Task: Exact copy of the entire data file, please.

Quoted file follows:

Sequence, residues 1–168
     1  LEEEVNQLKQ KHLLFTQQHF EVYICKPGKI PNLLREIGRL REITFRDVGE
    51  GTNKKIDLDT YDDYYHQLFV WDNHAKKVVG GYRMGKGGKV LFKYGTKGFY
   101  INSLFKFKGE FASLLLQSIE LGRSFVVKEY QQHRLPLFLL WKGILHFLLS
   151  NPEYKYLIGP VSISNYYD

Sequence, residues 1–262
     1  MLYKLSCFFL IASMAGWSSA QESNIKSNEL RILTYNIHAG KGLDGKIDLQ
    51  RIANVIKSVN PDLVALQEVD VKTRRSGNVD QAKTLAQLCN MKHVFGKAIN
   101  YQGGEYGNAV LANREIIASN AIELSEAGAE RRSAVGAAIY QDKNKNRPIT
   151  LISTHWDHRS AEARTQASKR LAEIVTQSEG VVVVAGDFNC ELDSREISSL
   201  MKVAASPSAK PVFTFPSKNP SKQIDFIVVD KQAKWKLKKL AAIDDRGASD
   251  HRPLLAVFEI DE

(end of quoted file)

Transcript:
Sequence, residues 1–168
     1  LEEEVNQLKQ KHLLFTQQHF EVYICKPGKI PNLLREIGRL REITFRDVGE
    51  GTNKKIDLDT YDDYYHQLFV WDNHAKKVVG GYRMGKGGKV LFKYGTKGFY
   101  INSLFKFKGE FASLLLQSIE LGRSFVVKEY QQHRLPLFLL WKGILHFLLS
   151  NPEYKYLIGP VSISNYYD

Sequence, residues 1–262
     1  MLYKLSCFFL IASMAGWSSA QESNIKSNEL RILTYNIHAG KGLDGKIDLQ
    51  RIANVIKSVN PDLVALQEVD VKTRRSGNVD QAKTLAQLCN MKHVFGKAIN
   101  YQGGEYGNAV LANREIIASN AIELSEAGAE RRSAVGAAIY QDKNKNRPIT
   151  LISTHWDHRS AEARTQASKR LAEIVTQSEG VVVVAGDFNC ELDSREISSL
   201  MKVAASPSAK PVFTFPSKNP SKQIDFIVVD KQAKWKLKKL AAIDDRGASD
   251  HRPLLAVFEI DE